ABOVE THE ATLANTIC OCEAN (AP) — As the search for two missing teen boaters from Florida entered its sixth day, Coast Guard crews on Wednesday extended the search area northward, urging vessels in the wide expanse of the Atlantic to report any potential clues they might spot.
The vague rule of thumb is that humans can survive three days without water and three weeks without food, one expert said, but examples defying that abound — especially if people have supplies, wear life jackets or can cling to something. By Wednesday, it still wasn’t clear if 14-year-olds Perry Cohen and Austin Stephanos fell into any of those categories.
“People will constantly surprise you,” said Laurence Gonzales, author of four books on survival. “You’ll think, ‘Surely this guy is dead.’ And you’ll go out and there he will be alive.”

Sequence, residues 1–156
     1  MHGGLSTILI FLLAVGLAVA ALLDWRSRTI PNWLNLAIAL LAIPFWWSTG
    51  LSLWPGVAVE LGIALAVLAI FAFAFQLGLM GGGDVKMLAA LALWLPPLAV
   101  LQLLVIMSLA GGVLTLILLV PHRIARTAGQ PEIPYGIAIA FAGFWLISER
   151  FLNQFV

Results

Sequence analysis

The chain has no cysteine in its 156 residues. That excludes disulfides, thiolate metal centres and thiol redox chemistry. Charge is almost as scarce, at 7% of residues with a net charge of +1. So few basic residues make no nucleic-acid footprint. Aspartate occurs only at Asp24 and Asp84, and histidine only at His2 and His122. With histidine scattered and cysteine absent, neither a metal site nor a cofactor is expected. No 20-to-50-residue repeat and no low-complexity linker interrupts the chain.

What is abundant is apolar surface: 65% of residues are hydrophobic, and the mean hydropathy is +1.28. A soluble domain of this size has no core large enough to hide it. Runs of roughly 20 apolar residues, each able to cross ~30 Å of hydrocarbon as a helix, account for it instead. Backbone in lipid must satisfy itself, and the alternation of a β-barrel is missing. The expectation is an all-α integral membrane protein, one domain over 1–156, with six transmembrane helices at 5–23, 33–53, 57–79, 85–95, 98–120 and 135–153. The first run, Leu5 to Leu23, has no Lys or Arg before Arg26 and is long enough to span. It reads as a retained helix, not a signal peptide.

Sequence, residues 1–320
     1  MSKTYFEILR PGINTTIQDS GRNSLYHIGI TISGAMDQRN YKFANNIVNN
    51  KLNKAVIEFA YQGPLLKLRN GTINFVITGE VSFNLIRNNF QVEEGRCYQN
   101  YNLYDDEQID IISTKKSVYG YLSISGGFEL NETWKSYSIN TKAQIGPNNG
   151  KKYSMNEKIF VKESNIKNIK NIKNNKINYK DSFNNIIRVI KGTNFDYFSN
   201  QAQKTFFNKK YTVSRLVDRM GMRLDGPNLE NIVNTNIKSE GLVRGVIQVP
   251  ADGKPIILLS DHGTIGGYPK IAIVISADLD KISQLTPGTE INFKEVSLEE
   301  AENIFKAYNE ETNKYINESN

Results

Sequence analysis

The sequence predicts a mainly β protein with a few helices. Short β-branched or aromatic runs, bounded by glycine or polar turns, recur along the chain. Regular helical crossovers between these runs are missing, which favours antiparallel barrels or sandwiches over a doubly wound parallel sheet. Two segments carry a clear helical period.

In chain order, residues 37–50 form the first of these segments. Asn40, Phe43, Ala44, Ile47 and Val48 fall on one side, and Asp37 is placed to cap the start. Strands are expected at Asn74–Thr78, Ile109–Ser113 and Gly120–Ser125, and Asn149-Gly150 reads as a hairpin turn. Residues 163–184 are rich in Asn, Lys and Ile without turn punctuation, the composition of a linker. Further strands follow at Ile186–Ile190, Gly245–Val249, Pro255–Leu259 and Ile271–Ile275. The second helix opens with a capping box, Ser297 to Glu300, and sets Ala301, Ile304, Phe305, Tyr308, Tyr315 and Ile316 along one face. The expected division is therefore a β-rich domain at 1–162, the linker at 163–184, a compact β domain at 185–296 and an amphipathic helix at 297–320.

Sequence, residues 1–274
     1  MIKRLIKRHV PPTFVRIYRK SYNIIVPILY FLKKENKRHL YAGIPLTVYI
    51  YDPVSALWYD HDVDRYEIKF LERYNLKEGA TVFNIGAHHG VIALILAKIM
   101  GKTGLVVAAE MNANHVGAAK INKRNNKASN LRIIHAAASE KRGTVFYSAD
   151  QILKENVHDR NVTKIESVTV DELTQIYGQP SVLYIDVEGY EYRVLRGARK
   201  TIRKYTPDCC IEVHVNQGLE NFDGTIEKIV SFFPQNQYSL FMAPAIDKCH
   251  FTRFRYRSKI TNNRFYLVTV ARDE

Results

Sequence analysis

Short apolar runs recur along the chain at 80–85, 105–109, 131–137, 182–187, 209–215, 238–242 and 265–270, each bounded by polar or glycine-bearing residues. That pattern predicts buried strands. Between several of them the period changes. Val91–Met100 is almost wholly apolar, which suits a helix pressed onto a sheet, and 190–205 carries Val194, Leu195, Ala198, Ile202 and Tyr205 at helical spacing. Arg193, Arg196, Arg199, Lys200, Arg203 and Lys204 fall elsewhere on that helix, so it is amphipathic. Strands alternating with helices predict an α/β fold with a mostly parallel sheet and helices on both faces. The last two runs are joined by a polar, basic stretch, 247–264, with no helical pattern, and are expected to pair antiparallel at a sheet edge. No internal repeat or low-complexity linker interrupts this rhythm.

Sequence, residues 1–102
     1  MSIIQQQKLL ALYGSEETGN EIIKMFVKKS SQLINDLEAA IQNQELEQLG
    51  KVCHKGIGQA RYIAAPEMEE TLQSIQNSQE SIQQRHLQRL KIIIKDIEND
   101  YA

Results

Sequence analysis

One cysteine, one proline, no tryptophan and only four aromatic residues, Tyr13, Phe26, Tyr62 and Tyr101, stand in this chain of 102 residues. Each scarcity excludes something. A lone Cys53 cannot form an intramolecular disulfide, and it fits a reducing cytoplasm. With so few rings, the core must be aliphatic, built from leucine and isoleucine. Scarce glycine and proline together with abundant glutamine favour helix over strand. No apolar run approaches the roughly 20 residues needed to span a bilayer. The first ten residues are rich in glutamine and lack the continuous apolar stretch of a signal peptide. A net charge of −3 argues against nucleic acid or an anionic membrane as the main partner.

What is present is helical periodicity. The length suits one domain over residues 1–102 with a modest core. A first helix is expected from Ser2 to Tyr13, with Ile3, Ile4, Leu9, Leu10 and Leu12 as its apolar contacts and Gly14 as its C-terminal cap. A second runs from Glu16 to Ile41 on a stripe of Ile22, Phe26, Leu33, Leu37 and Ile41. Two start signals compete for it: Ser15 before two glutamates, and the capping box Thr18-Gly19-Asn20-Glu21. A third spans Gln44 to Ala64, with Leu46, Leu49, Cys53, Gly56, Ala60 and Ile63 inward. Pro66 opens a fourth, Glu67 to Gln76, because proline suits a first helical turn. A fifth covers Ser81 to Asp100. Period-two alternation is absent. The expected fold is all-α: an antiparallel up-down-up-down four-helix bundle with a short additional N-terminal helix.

The saga began Friday, when the boys were spotted buying fuel about 1:30 p.m. A line of summer storms moved through the area later that afternoon and when the teens didn’t return on time, the Coast Guard was alerted and launched its search. The 19-foot (5.8-meter) boat was found overturned Sunday more than 180 miles (300 kilometers) north of where the boys started their journey. The search has continued day and night, as their families try to maintain hope against the fading odds of the teens’ survival.
On Wednesday, as the search area grew, crews also planned a “first-light” search near Tybee Island, Georgia, where callers reported seeing something floating in the water Tuesday evening, said Coast Guard Petty Officer Anthony Soto. Crews combed the area Tuesday night but didn’t find anything connected to the search for the missing boys, officials said.
“As time goes on, certainly the probability of finding someone alive does decrease, but we’re still within the timeframe where it’s definitely possible to find somebody alive,” said Coast Guard Chief Petty Officer Ryan Doss, noting others have survived days or even a week at sea. “We know it can happen and we’re hoping it happens again.”